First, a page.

Think About How the Room Will Function

Consider how the room is used and how many people will use it. That will dictate the type of furnishings you’ll need and the amount of seating required.

Decide on a Focal Point

Identify the room’s focal point — a fireplace, view, television — and orient the furniture accordingly. If you plan to watch television in the room, the ideal distance between the set and the seating is three times the size of the screen (measured diagonally). Therefore, if you’ve got a 40-inch set, your chair should be 120 inches away.

Start With Priority Pieces

Place the largest pieces of furniture first, such as the sofa in the living room or the bed in the bedroom. In most cases this piece should face the room’s focal point. Chairs should be no more than 8 feet apart to facilitate conversation. Unless your room is especially small, avoid pushing all the furniture against the walls.

Consider Symmetry

Symmetrical arrangements work best for formal rooms. Asymmetrical arrangements make a room feel more casual.

Create a Traffic Flow

Think about the flow of traffic through the room — generally the path between doorways. Don’t block that path with any large pieces of furniture if you can avoid it. Allow 30 to 48 inches of width for major traffic routes and a minimum of 24 inches of width for minor ones.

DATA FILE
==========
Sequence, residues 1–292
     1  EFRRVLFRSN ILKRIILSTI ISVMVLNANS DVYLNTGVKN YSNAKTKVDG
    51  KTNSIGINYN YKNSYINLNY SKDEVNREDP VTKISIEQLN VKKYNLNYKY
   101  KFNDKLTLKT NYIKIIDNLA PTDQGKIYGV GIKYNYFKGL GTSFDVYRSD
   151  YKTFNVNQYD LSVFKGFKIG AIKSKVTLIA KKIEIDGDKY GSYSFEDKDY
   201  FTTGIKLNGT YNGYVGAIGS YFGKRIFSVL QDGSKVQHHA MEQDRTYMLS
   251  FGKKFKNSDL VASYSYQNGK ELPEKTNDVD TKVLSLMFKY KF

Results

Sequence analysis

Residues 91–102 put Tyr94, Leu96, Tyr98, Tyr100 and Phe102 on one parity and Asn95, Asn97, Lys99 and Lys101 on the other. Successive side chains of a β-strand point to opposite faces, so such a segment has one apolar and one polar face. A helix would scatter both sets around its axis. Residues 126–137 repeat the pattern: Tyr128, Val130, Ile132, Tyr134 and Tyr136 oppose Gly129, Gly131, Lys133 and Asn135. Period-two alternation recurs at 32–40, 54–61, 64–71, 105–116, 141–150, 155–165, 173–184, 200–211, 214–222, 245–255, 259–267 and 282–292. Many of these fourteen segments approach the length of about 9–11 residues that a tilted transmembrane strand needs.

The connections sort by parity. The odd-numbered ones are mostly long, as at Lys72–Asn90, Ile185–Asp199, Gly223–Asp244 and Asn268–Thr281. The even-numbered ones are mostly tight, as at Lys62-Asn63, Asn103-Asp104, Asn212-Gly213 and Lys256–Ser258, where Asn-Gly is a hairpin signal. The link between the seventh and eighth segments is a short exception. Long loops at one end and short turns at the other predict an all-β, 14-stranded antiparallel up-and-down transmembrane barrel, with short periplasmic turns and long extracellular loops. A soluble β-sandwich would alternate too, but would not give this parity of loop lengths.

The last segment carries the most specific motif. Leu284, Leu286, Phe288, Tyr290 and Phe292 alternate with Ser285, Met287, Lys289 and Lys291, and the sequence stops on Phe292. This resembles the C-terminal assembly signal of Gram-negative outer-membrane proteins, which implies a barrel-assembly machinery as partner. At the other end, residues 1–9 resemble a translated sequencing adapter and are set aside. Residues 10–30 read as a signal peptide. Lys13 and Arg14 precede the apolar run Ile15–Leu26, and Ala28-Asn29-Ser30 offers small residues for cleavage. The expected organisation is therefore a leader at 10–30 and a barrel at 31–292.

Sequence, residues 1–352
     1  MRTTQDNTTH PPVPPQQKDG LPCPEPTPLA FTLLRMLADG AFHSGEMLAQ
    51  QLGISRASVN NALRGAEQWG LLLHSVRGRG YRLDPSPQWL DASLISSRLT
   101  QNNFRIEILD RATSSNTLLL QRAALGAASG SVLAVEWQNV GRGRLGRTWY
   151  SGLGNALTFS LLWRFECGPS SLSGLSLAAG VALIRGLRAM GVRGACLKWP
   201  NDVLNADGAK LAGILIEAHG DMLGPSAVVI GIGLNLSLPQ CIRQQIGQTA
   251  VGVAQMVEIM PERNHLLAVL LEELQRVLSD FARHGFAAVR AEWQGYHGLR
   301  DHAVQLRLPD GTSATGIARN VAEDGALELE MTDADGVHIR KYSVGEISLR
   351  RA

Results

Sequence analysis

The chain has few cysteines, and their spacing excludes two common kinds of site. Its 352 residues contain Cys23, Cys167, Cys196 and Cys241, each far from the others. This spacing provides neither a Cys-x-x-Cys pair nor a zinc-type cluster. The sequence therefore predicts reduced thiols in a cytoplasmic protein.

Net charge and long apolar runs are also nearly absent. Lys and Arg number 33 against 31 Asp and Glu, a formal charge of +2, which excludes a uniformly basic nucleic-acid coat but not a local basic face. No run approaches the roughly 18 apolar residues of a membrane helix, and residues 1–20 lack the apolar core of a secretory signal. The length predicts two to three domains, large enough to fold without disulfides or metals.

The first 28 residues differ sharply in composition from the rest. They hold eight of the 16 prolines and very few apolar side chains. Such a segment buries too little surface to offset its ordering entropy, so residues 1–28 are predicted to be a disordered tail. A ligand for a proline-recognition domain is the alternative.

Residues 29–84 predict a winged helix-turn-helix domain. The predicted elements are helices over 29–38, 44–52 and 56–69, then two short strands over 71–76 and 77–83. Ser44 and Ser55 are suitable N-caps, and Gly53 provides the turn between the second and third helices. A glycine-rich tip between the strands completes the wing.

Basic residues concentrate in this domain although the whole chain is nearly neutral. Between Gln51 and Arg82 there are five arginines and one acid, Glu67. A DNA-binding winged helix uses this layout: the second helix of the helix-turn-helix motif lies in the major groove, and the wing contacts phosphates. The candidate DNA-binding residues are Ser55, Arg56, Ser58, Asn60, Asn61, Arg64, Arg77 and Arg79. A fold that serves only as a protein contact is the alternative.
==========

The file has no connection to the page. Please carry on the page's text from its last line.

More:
Try to direct traffic around a seating group, not through the middle of it. If traffic cuts through the middle of the room, consider creating two small seating areas instead of one large one.

Aim for Variety

Vary the size of furniture pieces throughout the room, so your eyes move up and down as you scan the space. Balance a large or tall item by placing another piece of similar height across the room from it or use art to replicate the scale. Avoid putting two tall pieces next to each other.

Build in Contrast

Combine straight and curved lines for contrast. If the furniture is modern and linear, throw in a round table for contrast. If the furniture is curvy, mix in an angular piece. Similarly, pair solids with voids: Combine a leggy chair with a solid side table, and a solid chair with a leggy table.